Bits & Bytes: Hurricane Harvey relief concert; Williams College professor’s photo in space; Avett Brothers movie screening; Alex Rostotsky at Turn ParkMore Info
Saint James Place to host Hurricane Harvey relief concert
Great Barrington — Saint James Place will host a concert to benefit Hurricane Harvey relief on Thursday, Sept. 14, at 7 p.m.
Presented by musicians’ and activists’ group the Hoping Machine and Saint James Place, the concert will feature Reggie Harris and Greg Greenway, the Hoping Machine, John Kirk and Trish Miller, Bernice Lewis, the Beeline Ramblers, and Graham and Barbara Dean.
There is a minimum suggested donation of $20. All donated funds will be sent to the Houston Food Bank. For more information, call (413) 528-0248.
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Williams College astronomer’s photo left solar system
Williamstown — NASA is celebrating the 40th anniversary of two spacecraft, Voyager 1 and 2, that were launched toward Jupiter and Saturn, which they reached in 1979 and 1980, respectively. Voyager 2 went on to Uranus and Neptune, passing Neptune in 1989. Since then, they have continued outward, one even leaving the solar system.
Each spacecraft contains a golden record that contains 115 photographs, greetings in many languages and samples of music from Bach to Chuck Berry. Messages from former President Jimmy Carter and the United Nations Secretary-General also appear. One of the photographs was taken by Williams College astronomer Jay Pasachoff. “Carl Sagan had the idea for the golden record, and our then-recent Williams College alumna Wendy Gradison was assisting him,” said Pasachoff. “I submitted a few photographs on various topics, and two were chosen. The picture that was ultimately launched, in digital form, was taken from a helicopter on my honeymoon. We were approaching Heron Island in the Great Barrier Reef in Australia, and the photo is in a geology sequence since it shows the reef, trees, ocean, beach, and other terrestrial features.”
The Voyagers are now over 100 times farther from the Sun than Earth is, with their radio signals taking over 17 hours to reach Earth. Voyager 1 was launched on Sept. 5, 1977. Voyager 2 was launched 16 days earlier, but on a slower trajectory, so reached Jupiter slightly after Voyager 1.
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Beacon Cinema to screen Avett Brothers documentary
Pittsfield — The Beacon Cinema will join theaters nationwide on Tuesday, Sept. 12, at 7 p.m. in a one-night screening of the award -winning documentary “May It Last: A Portrait of the Avett Brothers.” The screening follows the band’s Sept. 1 appearance at Tanglewood in Lenox.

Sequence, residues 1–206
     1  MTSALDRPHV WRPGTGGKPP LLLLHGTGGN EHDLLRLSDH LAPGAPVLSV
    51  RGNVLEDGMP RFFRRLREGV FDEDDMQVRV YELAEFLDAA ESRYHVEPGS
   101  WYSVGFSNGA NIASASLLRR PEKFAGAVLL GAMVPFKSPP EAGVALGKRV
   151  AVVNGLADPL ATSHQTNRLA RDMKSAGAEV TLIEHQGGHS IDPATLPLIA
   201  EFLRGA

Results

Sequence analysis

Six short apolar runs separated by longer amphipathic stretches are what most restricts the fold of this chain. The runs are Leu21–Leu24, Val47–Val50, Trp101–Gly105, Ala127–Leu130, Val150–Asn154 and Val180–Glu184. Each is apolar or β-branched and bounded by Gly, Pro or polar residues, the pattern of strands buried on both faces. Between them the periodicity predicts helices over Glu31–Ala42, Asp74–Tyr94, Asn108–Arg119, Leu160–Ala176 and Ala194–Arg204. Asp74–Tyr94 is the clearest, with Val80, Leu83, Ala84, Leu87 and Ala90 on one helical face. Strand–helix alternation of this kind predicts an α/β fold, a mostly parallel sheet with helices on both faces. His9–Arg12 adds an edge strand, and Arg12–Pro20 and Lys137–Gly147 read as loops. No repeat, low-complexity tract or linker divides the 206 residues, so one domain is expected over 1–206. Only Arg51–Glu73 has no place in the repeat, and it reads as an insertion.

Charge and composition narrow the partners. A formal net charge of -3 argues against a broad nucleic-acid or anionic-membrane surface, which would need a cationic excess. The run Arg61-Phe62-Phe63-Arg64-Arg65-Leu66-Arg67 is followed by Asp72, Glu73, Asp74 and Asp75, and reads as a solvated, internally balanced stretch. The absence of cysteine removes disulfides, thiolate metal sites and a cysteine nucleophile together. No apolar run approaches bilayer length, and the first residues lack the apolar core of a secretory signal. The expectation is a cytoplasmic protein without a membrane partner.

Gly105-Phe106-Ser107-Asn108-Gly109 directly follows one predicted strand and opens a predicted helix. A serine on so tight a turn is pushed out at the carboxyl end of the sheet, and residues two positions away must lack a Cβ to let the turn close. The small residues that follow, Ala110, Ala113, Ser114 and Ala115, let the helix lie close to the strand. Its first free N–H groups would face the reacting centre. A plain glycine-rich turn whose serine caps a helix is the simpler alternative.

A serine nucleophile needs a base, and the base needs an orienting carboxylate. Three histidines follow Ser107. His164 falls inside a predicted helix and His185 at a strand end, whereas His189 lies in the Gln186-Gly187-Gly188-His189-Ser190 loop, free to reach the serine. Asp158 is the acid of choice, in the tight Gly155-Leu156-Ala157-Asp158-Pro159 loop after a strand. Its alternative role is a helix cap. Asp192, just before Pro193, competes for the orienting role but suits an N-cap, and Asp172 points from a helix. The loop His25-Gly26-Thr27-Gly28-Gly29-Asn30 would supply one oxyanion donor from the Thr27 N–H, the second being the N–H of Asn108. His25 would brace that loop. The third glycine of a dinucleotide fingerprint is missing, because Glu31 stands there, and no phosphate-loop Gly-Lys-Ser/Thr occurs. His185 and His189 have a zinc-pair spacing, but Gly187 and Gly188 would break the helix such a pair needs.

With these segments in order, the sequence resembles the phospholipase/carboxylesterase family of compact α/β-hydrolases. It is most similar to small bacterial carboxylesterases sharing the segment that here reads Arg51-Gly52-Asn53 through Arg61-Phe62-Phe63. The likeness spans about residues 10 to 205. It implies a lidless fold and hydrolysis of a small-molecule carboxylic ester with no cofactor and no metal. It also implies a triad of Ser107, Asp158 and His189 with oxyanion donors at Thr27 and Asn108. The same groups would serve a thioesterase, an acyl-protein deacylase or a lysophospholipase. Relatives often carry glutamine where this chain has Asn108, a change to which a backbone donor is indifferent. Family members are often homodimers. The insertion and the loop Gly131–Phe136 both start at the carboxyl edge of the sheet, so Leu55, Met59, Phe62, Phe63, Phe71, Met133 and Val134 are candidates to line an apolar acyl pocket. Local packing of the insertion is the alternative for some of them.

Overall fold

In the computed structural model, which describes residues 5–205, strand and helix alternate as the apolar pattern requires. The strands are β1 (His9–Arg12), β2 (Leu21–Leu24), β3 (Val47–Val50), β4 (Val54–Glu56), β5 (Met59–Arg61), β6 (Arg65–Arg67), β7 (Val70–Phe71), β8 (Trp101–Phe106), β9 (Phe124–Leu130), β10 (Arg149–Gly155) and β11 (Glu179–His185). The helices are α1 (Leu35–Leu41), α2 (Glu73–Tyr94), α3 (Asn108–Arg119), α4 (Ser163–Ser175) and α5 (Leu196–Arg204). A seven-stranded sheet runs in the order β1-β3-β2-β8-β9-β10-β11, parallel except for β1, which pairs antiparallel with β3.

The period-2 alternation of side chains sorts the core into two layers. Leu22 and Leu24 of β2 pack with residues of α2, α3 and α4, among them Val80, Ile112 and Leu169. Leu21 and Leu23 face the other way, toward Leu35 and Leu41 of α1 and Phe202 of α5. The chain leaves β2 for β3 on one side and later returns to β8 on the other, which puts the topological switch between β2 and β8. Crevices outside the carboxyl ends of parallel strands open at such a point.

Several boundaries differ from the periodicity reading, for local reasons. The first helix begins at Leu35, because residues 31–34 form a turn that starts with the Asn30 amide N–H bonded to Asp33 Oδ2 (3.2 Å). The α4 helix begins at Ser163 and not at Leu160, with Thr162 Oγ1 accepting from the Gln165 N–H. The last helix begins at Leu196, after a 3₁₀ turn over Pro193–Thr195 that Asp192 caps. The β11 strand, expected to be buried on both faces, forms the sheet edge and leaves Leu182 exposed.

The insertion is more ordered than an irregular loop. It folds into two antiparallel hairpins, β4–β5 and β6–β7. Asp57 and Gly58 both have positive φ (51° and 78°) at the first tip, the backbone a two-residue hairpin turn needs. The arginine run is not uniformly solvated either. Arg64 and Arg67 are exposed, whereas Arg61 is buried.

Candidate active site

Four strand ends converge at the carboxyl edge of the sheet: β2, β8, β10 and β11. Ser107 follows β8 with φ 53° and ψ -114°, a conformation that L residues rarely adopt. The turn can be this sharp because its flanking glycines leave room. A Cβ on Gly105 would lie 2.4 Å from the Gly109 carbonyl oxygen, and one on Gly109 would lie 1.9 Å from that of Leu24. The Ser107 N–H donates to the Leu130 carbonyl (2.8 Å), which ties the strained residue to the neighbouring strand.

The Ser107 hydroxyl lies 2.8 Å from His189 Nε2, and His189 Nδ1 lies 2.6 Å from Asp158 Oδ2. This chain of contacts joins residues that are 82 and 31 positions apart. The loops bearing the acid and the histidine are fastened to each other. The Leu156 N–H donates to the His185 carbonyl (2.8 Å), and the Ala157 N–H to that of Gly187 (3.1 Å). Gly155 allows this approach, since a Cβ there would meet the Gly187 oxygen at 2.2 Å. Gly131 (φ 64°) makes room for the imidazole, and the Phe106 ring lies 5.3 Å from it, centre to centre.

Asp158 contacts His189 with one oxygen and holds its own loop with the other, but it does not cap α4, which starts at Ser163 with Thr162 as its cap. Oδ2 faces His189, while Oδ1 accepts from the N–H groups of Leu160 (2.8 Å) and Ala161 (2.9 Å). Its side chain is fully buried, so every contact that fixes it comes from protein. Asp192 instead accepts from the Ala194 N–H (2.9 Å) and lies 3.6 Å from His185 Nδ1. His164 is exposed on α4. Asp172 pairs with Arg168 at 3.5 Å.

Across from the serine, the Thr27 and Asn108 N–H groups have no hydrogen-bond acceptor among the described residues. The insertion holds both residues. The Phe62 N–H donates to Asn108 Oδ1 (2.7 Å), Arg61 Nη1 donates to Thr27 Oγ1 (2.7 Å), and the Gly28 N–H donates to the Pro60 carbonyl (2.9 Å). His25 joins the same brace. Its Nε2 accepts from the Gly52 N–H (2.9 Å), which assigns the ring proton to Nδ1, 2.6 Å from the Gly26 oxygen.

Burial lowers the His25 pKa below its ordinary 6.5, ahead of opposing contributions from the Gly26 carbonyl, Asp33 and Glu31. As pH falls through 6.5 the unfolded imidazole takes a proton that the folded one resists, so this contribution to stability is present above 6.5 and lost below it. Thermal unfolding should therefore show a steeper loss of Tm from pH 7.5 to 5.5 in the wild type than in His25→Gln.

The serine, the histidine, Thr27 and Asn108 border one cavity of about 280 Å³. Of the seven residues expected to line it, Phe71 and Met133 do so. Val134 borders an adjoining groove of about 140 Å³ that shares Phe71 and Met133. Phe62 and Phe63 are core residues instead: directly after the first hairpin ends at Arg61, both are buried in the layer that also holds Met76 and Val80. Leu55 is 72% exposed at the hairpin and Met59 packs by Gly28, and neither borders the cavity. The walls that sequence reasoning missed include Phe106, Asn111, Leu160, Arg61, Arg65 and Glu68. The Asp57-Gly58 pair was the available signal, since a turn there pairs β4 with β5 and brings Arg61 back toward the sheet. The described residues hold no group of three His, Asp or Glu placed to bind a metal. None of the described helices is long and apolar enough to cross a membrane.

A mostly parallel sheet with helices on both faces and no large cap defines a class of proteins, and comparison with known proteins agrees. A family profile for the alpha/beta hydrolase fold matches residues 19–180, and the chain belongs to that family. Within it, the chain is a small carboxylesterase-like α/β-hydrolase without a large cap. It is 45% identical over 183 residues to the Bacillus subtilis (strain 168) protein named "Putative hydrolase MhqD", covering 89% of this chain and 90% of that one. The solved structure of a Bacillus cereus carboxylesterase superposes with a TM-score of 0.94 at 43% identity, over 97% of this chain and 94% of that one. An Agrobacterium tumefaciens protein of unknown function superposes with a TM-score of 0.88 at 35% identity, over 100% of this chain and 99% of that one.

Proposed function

Filmed over the course of more than two years, “May It Last” is an intimate portrait of the acclaimed North Carolina band the Avett Brothers, charting their decade-and-a-half rise while chronicling their present-day collaboration with famed producer Rick Rubin on the Grammy Award-nominated album “True Sadness.” With the recording process as a backdrop, the film depicts a lifelong bond and unique creative partnership as band members undergo marriage, divorce, parenthood, illness and the challenges of the music business.
Tickets are $10. For tickets and more information, contact the Beacon Cinema at (413) 358-4780.
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Alex Rostotsky to perform jazz concert at Turn Park
West Stockbridge — On Saturday, Sept. 9, at 6 p.m., Turn Park Art Space will present a concert by jazz-fusion artist Alex Rostotsky and his niece, jazz vocalist Alina Rostotskaya. Showcasing Rostotsky’s album “Songs of Lake Victoria and Russian Plains,” the concert will be accompanied by a slideshow of Rostotsky’s drawings and will be followed by a reception to view “Splashes,” the exhibition of Rostotsky’s art currently hosted by Turn Park as well as a showing of the animated film “Apocryph” projected upon a 20-foot-high rock face.
Rostotsky is a Russian jazz musician, composer, arranger, author and visual artist whose discography includes more than 25 albums and whose artworks are housed in museums and private collections in Russia, Europe and Africa. His ethno-fusion musical style combines the sound of synthesizers with the themes and melodies of world music and draws on his academic training in Russian folk music.